September is Blood Cancer Awareness Month and The Leukemia & Lymphoma Society (LLS) is increasing awareness about the urgency to find cures for blood cancers – the third most common cancer killer in the U.S. Throughout the month, our blog series will focus on the three main types of blood cancers: leukemia, lymphoma and myeloma.
When Elijah was diagnosed with multiple myeloma in 2005, shortly after retiring from the Oakland Raiders, we were stunned. Neither of us had ever heard of it.
I searched online from his hospital room and what I read made no sense. How could my 35-year-old husband, who still looked like he could run out on to a football field in his pads and helmet, have a terminal blood cancer?
Life with multiple myeloma became an instant roller coaster. As his caregiver I knew it was my job to learn as much as possible about what we were facing, while trying to keep things normal for our two young sons.
He fought a good fight and stayed positive throughout his treatment. He epitomized living with cancer.
We lost him suddenly in 2010 and it was devastating. I held it together because I knew our boys needed me.
Even though I had to figure out how to navigate life without Elijah, one thing I knew for sure was that I wanted to stay connected with the multiple myeloma community to raise awareness, to help find a cure.
The advancements that have been made since I first learned of multiple myeloma have been incredible. I share our story as one of hope for those living with it now. New treatments options are promising and my fingers are crossed that they will lead to a cure, but I know continued research is critical.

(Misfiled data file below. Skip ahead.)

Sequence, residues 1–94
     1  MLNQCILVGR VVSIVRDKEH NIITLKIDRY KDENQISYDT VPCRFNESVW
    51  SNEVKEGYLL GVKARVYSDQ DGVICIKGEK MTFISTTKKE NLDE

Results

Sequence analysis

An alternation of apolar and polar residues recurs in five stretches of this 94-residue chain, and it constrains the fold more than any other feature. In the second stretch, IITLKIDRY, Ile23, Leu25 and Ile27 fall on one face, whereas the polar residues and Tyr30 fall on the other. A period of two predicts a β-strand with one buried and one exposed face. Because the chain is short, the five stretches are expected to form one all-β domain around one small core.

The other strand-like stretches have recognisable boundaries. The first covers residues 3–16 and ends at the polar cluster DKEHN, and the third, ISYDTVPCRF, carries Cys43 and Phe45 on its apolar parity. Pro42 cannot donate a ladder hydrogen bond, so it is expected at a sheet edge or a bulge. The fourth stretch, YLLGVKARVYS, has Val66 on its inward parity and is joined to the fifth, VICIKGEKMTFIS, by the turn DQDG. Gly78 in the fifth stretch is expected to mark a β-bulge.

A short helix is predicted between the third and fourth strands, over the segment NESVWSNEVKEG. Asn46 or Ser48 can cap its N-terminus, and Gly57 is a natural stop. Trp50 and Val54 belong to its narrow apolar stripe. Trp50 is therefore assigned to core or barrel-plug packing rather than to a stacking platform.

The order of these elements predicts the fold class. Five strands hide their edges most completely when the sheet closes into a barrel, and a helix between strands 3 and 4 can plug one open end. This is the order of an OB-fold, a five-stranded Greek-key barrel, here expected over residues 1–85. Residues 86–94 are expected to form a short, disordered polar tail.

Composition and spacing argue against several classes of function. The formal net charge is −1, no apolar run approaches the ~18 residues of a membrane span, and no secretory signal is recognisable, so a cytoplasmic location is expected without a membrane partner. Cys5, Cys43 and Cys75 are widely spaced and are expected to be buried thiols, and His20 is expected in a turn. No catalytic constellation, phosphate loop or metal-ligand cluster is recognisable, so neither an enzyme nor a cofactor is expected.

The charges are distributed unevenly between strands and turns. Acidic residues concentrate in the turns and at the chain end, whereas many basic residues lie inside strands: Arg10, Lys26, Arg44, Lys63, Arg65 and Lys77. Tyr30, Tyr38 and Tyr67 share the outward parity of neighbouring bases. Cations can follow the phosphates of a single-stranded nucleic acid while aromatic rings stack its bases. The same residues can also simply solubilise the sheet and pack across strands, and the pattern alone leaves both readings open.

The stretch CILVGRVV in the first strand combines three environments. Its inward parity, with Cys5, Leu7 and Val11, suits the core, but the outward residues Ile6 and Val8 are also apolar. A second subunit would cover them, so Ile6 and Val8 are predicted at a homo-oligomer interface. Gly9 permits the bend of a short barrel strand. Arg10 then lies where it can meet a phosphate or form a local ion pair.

The Leukemia & Lymphoma Society was a great resource for us during my husband’s treatment, and because of their mission, getting involved with the organization just felt right.
Now that our sons are adults, the oldest is in college and the youngest plays baseball in the New York Yankees minor league system, I can focus even more of my efforts on educating others about multiple myeloma.
This is my way of keeping Elijah’s memory alive. It’s the least I could do.
Kimberly Alexander is the owner of KimCONNECTS, based in Dallas, Texas. She spends her time traveling the country speaking on issues related to multiple myeloma and co-hosts a radio show. She can be reached at: email@example.com.
DID YOU KNOW?
1) Myeloma is a cancer of the plasma cells, a type of white blood cell.
2) Black Americans are twice as likely as white Americans to be diagnosed.
3) 110,345 people are living with or in remission from myeloma in the U.S.
4) 30,280 new cases are expected to be diagnosed in 2017.
5) Most people diagnosed are older than 50 years old.
For more information about myeloma, visit: www.lls.org/myeloma